F: Yes. But from what I’ve seen, it’s very difficult to do. It’s the most difficult thing. Keeping Judaism relevant while living a different lifestyle is 100 times more challenging. And the community talks all the time about those frum gay Jews. Everyone is homophobic, even people you wouldn’t expect. Even my best friend from high school openly admits being homophobic and doesn’t think there’s anything wrong with it. The other day, she said, “I can’t deal with that! I’m so homophobic!”
 Why did she think that was okay?
F: When she heard my first kiss was with a girl, she was really weirded out.
She did that really narcissistic thing that straight people do, which is, she immediately thought, “Oh no! F’s in love with me!” She thought I wanted HER. I wanted to say, “You aren’t indiscriminately in love with all of the men in the world. You are selective and I am too. In fact, the last person I’d be interested in was you!”
It’s hard to hate her for this, though, because I didn’t know how to be respectful either when I was younger. She doesn’t know anything other than being homophobic.
What is it about your connection with your father that makes you afraid to tell him about your sexual identity?
F: Sometimes, people shave their beards but no one excommunicates them, right? Bacon and non-kosher meat are exactly the same al pi halacha and yet, chazer seems so much worse, to the point that it seems like the evil of all evil. Gay has the same kind of stigma, an extra negative connotation, as if it’s extra sinful and extra scary within the frum community. I wouldn’t tell my father because even modern, non religious Jews are afraid of the gay, let alone my conservative, republican, orthodox, Chassidic father.
My father keeps on sending me articles about getting married young! He’d like me to have children, and this is what my body is built for, to bear fruit. I do want to have kids. But not right now. I can’t help but worry that I’m getting less fertile by the second, and that’s silly, but it’s the way I grew up and all my friends are getting engaged and having babies, making families. Other peoples’ thoughts live in my head.
I am scared to connect myself with “sexual deviance”, because it’s a scary idea in our community. I don’t think my father would be able to hear it. He couldn’t hear that I’m not as frum as him. He couldn’t hear that I was dating. He could never hear that my sexuality is fluid. He just doesn’t want to know.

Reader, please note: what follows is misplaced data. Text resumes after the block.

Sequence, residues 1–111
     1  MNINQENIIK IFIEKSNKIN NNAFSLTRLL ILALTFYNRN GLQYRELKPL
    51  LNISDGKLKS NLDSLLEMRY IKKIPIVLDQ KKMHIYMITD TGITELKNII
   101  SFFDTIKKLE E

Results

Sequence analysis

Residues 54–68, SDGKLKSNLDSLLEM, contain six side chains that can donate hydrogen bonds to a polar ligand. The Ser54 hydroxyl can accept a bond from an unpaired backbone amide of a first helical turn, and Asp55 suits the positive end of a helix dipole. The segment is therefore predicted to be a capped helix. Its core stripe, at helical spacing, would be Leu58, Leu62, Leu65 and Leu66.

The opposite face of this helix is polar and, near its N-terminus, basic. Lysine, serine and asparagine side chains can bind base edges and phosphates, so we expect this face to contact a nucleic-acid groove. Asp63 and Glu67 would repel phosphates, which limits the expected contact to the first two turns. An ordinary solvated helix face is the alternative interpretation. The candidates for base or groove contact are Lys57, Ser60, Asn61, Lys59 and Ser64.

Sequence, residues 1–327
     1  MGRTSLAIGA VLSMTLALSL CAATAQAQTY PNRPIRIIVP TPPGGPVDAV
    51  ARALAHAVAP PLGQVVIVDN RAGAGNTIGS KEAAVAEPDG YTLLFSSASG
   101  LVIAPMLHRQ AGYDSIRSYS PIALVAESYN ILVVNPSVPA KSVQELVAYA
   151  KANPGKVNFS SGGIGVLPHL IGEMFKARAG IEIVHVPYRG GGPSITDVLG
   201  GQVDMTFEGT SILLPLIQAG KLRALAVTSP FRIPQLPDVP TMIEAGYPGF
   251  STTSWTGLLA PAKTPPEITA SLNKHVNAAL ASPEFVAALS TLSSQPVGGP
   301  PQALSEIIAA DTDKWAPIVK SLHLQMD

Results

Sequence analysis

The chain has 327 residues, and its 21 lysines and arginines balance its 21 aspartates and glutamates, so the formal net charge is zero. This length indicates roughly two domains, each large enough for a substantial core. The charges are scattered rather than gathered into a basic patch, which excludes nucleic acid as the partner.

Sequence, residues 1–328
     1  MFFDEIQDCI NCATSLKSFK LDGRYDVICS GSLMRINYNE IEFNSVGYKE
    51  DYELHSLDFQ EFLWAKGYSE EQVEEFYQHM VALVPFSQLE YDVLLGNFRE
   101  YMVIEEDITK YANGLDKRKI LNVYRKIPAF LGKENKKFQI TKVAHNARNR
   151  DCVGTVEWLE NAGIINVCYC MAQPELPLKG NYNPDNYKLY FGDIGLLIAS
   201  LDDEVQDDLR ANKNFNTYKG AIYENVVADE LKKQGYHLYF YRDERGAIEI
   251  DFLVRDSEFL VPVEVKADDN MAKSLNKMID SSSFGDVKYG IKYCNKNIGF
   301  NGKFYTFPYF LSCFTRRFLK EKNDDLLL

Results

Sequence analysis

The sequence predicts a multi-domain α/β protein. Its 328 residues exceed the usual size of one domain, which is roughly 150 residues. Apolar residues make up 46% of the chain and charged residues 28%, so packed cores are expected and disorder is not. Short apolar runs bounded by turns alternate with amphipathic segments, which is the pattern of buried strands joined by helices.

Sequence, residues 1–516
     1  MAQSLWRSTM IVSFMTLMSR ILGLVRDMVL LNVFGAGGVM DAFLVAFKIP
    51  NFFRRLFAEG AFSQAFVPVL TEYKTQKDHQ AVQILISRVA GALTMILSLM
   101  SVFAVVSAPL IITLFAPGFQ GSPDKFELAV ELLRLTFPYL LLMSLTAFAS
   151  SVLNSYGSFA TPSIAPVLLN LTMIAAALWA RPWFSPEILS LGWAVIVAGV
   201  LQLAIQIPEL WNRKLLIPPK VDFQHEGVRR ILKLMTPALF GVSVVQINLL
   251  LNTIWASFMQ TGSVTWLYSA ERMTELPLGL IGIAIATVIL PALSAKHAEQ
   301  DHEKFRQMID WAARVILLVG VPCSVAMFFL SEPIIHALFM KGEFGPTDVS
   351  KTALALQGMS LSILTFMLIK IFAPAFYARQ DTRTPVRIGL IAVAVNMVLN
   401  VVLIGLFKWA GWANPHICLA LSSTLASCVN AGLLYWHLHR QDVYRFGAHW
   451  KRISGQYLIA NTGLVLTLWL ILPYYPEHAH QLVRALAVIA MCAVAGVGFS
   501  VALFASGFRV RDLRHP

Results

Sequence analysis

What do you see as the attitudes of the community towards frum gay people?
F: I was babysitting my sister and helped her to make girl power pamphlets. She wrote “I like girls sooo much”. She’s five. 
My father made a face, and said, “I hope that’s not from hanging around at [name of frum gay family]”. Now the gay is contagious! He laughed as he said it, which was frustrating, because that laugh indicated he thinks the whole lifestyle is silly.
At school, when everyone thought I was a lesbian, people said, “Oh, that’s that dyke girl.” At yeshiva, boys think someone is gay and they say, “He’s super gay” and not in a good way, as in “He’s a weirdo. Don’t hang out with him.”
Have you experienced many frum Jews who are tolerant?
F: No. 
When I was talking about men objectifying women, my father said, “The halacha set up a system to prevent that. You deny the system/rules, but then you get mad when you are a victim of objectification. That system is set up to protect you. You get mad when you aren’t protected.” That’s really skewed.
When I was 16, my mother said, “You should be careful how you dress. Especially given what happened to you.” That is so messed up. This is the understanding of women, promiscuous, deserving of whatever happens because they aren’t aligning themselves with the system designed to protect them. I consider that illogical, irrational and self-righteous. That’s the same tone I hear whenever I hear people talking about someone who is gay. A complete misunderstanding of the issue.
What would you like to tell the frum community?
F: I’ve always been really afraid to leave the community . When I was younger they said once someone has tasted chassidus they can never leave the lifestyle and be truly happy again without it. I believed this. I was scared that I would leave and that my life would be shallow and meaningless. We used to talk about people who had left and were unhappy. But really, I was unhappy. I wasn’t happy or confident or supported as a person. I always felt like I needed to repress myself.
But now, I really am happy and I am not fooling myself. It’s really offensive when you write off my choices as not really mine, but just an influence of my yetzer hara, as giving in, rather than actively choosing life and health. Living a frum lifestyle is a beautiful thing, and I highly respect people who live that life, but I would ask for the same respect for my own choices.
I’m happy for people who make a frum lifestyle work for them. I want all the frum people to be happy for me too. I hate how I feel silly and shallow when I say I am applying to colleges. My friends are making humans and I am going to school. I love what I am doing and I want them to see that I am happy and healthy and have made good choices for me. I want them to give me the respect that I give them.